I then introduced Prefix the name of the calling host function in the name of callee GPU kernel and [PPCGCodeGen] Differentiate kernels based on their parent Scop to uniquely identify the kernels based on the SCoP and its parent function they were synthesized from.

Introduced a “hybrid” target

PPCGCodeGeneration may not be able to offload all SCoPs to the GPU. In these cases, the SCoP can be passed to IslScheduleOptimizer to attempt optimize it for the CPU, if PPCGCodeGeneration failed without code generating the SCoP. This can happen if ppcg fails to generate the schedule tree. Once PPCGCodeGeneration starts codegenerating the AST, the information about the SCoP is outdated, even if it fails to generate the PTX kernel or estimates the offload to be costly.
D34054 Introduce a hybrid target... sequenced the IslScheduleOptimizer right after PPCGCodeGeneration in the pass pipeline to optimize SCoPs whose corresponding LLVM Regions hadn’t been touched by PPCGCodeGeneration. This can be enabled by passing “-polly-target=hybrid” in opt’s command line or prefixed with “-mllvm” in clang’s command line.

In the future, I intend to modify PPCGCodeGeneration such that a SCoP’s Region is modified by only after all checks pass. This’d help many kernels in PolyBench.jl which currently fail PPCGCodeGeneration in the middle of codegenerating the SCoP.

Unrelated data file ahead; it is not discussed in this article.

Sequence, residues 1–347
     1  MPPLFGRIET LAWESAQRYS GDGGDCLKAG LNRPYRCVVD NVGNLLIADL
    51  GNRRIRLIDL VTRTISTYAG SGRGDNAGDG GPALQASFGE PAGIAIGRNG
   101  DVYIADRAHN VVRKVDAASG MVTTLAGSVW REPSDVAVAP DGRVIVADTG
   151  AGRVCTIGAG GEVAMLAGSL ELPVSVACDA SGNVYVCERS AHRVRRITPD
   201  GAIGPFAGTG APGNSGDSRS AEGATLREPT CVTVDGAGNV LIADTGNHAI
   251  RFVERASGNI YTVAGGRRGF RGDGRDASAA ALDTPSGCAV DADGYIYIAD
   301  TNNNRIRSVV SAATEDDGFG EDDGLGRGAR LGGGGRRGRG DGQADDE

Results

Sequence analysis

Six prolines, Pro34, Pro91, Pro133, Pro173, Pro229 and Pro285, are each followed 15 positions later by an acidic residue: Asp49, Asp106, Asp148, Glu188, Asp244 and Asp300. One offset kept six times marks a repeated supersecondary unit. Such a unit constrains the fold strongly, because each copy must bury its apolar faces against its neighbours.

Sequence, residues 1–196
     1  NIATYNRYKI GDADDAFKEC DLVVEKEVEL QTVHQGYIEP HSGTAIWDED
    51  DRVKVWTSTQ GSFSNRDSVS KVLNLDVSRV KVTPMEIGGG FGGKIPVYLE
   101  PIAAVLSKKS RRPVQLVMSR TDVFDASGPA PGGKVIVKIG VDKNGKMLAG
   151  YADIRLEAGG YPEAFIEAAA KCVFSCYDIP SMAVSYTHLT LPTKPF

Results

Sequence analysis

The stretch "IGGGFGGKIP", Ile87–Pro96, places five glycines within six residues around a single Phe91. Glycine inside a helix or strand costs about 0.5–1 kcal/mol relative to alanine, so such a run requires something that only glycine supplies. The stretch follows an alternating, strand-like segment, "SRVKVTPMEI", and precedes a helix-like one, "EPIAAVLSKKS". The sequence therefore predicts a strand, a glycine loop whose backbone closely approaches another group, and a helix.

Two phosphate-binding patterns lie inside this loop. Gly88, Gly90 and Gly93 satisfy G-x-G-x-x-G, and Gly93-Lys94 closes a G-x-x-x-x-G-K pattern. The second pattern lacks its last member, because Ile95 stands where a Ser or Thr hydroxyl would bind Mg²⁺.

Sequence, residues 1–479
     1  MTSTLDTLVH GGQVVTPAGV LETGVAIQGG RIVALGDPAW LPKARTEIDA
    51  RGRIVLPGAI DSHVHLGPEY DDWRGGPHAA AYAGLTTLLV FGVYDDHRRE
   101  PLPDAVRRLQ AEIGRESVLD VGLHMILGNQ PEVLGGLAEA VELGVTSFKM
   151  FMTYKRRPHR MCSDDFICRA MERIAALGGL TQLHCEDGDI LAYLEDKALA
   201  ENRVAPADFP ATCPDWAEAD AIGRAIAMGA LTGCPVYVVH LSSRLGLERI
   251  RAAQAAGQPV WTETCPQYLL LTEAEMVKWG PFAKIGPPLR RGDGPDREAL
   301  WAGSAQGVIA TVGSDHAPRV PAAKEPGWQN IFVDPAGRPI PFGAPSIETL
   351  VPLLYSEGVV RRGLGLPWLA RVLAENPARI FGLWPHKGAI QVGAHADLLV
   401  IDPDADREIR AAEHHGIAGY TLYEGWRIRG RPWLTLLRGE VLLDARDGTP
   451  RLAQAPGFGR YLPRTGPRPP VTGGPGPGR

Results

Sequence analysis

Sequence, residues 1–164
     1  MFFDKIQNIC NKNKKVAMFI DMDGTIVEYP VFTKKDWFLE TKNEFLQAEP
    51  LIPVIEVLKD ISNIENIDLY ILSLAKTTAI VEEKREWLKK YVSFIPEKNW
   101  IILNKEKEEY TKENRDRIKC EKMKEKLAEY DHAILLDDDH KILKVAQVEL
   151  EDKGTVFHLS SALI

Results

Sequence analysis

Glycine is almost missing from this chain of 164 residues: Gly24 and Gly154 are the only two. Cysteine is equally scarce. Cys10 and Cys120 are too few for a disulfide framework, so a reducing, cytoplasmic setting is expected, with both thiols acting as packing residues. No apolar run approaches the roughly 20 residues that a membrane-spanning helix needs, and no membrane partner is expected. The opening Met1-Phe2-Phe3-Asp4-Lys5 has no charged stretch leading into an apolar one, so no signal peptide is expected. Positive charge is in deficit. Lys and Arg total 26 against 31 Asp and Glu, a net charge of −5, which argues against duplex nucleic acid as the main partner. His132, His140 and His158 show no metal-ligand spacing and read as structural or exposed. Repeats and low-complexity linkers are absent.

Explore using run-time information to help Polly better optimize

One of the advantages of JIT-ed languages is that the values of all the parameters to a function call are available right before the function’s compiled. This opens up new opportunities to optimize the code, e.g. generate specialised code for a particular set of arguments if the function’s called on the same set of arguments many times. This strategy is called “hot recompilation”.
I had to view this strategy in the context of polyhedral compilation. One of the ways the PPCGCodeGeneration or IslScheduleOptimizer can generate better code is when they have hints about the parameters to the SCoP, e.g. the iteration space. These can be supplied as inequalities on the loop bounds using the llvm.expect or llvm.assume intrinsics, where the second is equivalent of assuming the given condition will always be true. These inequalities are represented as hyperplanes that prune the iteration space that make it easier for isl or ppcg to select the best transformation.
The function “assume” (defined in FunctionWrappers.jl) uses Base.llvmcall to insert LLVM-IR into Julia code. My experiments with using the assume function suggested that Polly was able produce more opimized code. A good use case of this would be for Neural Networks: since the dimensions of activations and weight matrices are fixed between 2 layers, these conditions can be inserted into a wrapper function for a particular layer that in turn calls the generic function and while forcing the generic function to be inlined. E.g,
function gemm_layer_1(A, B, C)
  assume( A.dim[0] = 6 && A.dim[1] == 5 && B.dim[0] == 5 .... );
  @inline gemm(A,B,C)